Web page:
I wonder how very low-gravity dust could make bind together and make hard and dense stones that later on will merge together and make some of the planets? I read some meteorites as hard as a hard stone are remnants of the early phase of solar system's formation. If this is the case, it shows that they are formed using their own gravity attracting other dust; however, I thought making such a hard stone will require a high pressure.

  • 3
    $\begingroup$ Does this answer your question? How do rocky objects between 1cm and 1m accrete to form planetesimals? $\endgroup$
    – user438383
    Apr 18 at 14:06
  • 1
    $\begingroup$ Actually keeping this question is helpful, since if someone asks some question like this, the search engines will route her here. The other one is a specific question and not a general one. $\endgroup$ Apr 19 at 19:21
  • 1
    $\begingroup$ These are different questions and have different answers, not a duplicate, voting to leave open. $\endgroup$
    – uhoh
    Apr 19 at 19:36

1 Answer 1


The process you are referring to is called pebble accretion, which is very complex and not particularly well understood.

The initial premise of your question, that dust particles stick together via their own gravity, is not quite correct. As you say, gravitational interactions between individual particles are incredibly weak. Rather, dust particles grow via collisions within a protoplanetary disk. During this early stage of star/planet formation, gas and dust are spread out in a huge disk in which the material orbits the newly forming star at the centre. Particles collide and stick to each other via electrostatic forces. Growth continues all the way through from dust particles, to much larger planetary building blocks called planetesimals. In this sense, meteorites are indeed remnants of the early Solar System. Sometimes you will hear them refer to as 'failed planets', in that they failed to accrete enough material to grow to planetary size.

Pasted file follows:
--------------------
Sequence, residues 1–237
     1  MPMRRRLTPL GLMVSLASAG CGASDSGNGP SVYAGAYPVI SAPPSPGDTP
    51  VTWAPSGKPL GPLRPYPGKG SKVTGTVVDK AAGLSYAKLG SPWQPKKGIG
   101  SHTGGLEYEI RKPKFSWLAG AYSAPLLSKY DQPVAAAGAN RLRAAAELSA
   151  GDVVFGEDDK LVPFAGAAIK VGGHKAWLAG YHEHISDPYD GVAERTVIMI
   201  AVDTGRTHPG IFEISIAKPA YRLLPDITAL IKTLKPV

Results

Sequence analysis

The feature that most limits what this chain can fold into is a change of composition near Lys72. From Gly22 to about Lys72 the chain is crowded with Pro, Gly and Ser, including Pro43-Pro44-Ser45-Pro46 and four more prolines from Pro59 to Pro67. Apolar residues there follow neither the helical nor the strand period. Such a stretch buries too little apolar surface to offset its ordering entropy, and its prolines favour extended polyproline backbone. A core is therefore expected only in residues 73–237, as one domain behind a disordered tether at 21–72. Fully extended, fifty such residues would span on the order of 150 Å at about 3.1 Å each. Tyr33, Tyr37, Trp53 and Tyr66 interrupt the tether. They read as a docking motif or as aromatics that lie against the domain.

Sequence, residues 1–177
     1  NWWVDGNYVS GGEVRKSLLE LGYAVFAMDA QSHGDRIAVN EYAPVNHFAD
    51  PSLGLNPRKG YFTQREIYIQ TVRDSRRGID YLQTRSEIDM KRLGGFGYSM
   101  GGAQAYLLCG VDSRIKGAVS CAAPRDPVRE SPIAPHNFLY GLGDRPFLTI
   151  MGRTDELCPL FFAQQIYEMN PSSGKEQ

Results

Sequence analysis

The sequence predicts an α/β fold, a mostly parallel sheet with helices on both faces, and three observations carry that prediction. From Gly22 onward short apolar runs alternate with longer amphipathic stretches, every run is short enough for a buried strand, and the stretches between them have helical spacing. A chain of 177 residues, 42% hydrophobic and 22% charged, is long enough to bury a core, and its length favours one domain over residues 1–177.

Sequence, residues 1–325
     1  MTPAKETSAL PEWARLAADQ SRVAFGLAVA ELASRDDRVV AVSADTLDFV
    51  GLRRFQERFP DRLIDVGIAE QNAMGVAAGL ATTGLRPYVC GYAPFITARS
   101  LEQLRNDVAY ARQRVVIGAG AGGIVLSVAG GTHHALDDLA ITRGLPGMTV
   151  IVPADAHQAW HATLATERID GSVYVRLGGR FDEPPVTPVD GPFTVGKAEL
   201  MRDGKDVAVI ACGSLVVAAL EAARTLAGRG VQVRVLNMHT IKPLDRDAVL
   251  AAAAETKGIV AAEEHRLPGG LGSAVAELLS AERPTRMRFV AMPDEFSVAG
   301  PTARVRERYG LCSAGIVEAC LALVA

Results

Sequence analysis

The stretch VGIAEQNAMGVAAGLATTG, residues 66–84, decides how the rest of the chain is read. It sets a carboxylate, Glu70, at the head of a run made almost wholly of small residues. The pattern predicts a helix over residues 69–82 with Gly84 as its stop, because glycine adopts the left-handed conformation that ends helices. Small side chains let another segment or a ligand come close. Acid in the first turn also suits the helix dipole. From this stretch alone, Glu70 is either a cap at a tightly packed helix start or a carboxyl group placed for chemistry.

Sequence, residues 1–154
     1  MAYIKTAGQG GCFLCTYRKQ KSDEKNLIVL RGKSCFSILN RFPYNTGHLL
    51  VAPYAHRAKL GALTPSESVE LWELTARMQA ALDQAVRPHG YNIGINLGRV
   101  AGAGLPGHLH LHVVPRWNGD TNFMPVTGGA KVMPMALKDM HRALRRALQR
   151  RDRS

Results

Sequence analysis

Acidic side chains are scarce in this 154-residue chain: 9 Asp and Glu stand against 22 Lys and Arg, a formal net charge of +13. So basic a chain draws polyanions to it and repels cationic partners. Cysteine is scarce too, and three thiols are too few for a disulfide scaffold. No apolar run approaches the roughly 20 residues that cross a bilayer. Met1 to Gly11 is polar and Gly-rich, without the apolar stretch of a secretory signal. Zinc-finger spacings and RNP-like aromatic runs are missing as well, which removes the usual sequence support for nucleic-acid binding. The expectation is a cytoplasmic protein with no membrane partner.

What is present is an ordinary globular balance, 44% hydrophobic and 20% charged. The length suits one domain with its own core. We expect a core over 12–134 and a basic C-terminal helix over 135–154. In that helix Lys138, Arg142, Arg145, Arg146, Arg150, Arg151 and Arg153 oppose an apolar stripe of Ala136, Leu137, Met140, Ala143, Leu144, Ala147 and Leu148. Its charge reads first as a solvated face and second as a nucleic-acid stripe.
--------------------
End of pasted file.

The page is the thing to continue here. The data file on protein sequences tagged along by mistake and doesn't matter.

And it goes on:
There are still a lot of open questions relating to this process. For example, once particles reach sizes greater than about a meter, collisions result in fragmentation rather than growth. This has led to the development of newer theories, such as streaming instability, which are able to better explain rapid growth.

Recommended further reading...

  1. Raymond & Morbidelli (2020) - Planet Formation: Key Mechanisms and Global Models
  2. The Exoplanet Handbook (chapter 10) - Michael Perryman
  • 1
    $\begingroup$ There was a really nice experiment on the ISS recently that demonstrated how strong and important electrostatic effects are on accreting small particles together. Sorry I can't find a better link skyandtelescope.org/astronomy-news/… $\endgroup$ Apr 19 at 23:22
  • $\begingroup$ This is not quite the answer to what OP is asking: "Stones" i.e.rocks of the size of a fist or smaller (down to mm-sized Chondrules) cannot be formed via pebble accretion. The latter is the process of accreting small rocks (such as Chondrules) onto a parent seed body of lunar to mars mass in order to form larger planetary cores. How those pebbles form in the first place, i.e. how they are concentrated and melted, is not answered here. $\endgroup$ Apr 26 at 9:57

You must log in to answer this question.

Not the answer you're looking for? Browse other questions tagged .